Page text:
After Brexit and Trump, leaders question globalisation
This year’s World Economic Forum meeting of the global political and business elite in the Swiss city of Davos, which opens on Tuesday, will address public hostility in the West towards the open and liberal trade policies of economic globalisation. While there was often reluctance to discuss these issues,the UK's vote to leave the European Union and the election of Donald Trump have forced it onto the agenda.
Even the organisers of the Davos summit are saying this year’s meeting has to consider existential questions.
“Responsive and Responsible Leadership” has been chosen as the theme of the summit, in response to what organisers call a “backlash against globalisation leading to two surprising vote results and a rise in populism in the West”.
The results in question refer to the UK’s vote to leave the European Union last June and Donald Trump’s election as president of the United States in November.
Both votes are interpreted as a rejection of the open and liberal trade policies of economic globalisation.
“In Davos there will be lot of soul searching as to what went wrong with globalisation,” says Holger Schmieding, chief economist with the bank Beremberg in London.
“The discussions will be more grounded, realistic and sober than they were over the past three years.”
Schmieding believes the forum’s 3000 delegates will seek “a stronger focus on helping the losers of globalisation in the Western world,” and especially “on education, on helping people to find new jobs if their old jobs vanish due to technological change or competition from other countries around the globe.”
However, others question whether the forum is taking the right approach in choosing the theme of leadership.
“There is always a danger in these situations that we put too much emphasis on calling on individuals to do the morally right thing, and too little emphasis on the conditions under which these individuals and leaders operate,” says Clemens Fuest, president of Munich-based economic research group the IFO Institute.
“Today, governments are operating under the pressure of populist ideas – simplification and neglecting facts – and it would be necessary to talk more about these conditions and not necessarily how leaders behave.”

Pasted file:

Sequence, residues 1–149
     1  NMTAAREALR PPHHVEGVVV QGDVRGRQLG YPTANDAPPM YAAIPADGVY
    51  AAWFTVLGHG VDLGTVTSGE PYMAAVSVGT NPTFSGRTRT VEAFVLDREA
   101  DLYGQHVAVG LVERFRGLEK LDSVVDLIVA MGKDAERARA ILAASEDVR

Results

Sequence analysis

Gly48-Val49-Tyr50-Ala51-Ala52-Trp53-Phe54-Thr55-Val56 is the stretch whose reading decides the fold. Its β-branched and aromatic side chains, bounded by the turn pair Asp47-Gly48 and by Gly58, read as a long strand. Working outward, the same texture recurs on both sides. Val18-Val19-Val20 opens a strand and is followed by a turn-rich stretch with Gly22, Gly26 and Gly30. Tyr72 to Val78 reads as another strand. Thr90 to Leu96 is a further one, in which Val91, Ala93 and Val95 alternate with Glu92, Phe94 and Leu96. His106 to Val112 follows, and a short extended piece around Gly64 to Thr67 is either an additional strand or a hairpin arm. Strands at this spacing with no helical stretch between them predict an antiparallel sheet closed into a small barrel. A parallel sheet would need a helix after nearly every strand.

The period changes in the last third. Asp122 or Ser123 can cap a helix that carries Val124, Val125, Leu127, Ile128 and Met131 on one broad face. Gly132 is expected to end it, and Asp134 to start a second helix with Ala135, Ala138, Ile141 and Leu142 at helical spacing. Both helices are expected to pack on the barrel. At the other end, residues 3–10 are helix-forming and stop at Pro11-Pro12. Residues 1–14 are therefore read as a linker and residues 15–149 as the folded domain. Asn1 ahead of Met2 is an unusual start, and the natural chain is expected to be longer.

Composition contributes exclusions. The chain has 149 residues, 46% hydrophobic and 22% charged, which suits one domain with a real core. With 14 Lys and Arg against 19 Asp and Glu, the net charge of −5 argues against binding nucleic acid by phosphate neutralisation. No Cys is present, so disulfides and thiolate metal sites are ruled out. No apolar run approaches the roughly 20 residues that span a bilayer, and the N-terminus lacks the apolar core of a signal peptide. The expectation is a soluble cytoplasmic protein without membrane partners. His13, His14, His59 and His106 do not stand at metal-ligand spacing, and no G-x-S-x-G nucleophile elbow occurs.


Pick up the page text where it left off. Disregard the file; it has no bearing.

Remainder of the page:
China to attend
In another sign of how the global economic landscape is changing, the forum also features the first-ever appearance of a Chinese head of state, President Xi Jinping.
Not all economists are convinced the Chinese leader is prepared to follow through on recent suggesting of opening the country’s economy to foreign investment.
“China to this day maintains a very long list of what they call the negatives list, industries that foreign investors cannot even invest into in China,” American economist Christophe Balding told reporters.
“China could go a long way to addressing the concerns of Donald Trump and other countries in the world, by making some key concessions in these area, which should also promote their own idea of transitioning the economy and increasing foreign investment.”
However, China will not necessarily be attending the meeting feeling it needs to make concessions.
“There will be some discussion of China having to open its markets more, but I don’t think China will take any advice from outsiders,” says Holger Schmieding.
“The US at the moment is preoccupied with its own affairs, and Europe is basically busy with itself as well, so China feels free to pursue its own policies freely without having to look too much about what other countries are thinking about those policies.”
Xi is to speak at the opening of the summit on Tuesday morning, which in itself will be a show of Beijing’s strength.
“The Chinese president brings the clear claim that China is to be taken very seriously as a global economic and political power,” says Schmieding. “And, in the absence of a high-level representative from the US, he will receive a lot of attention.”
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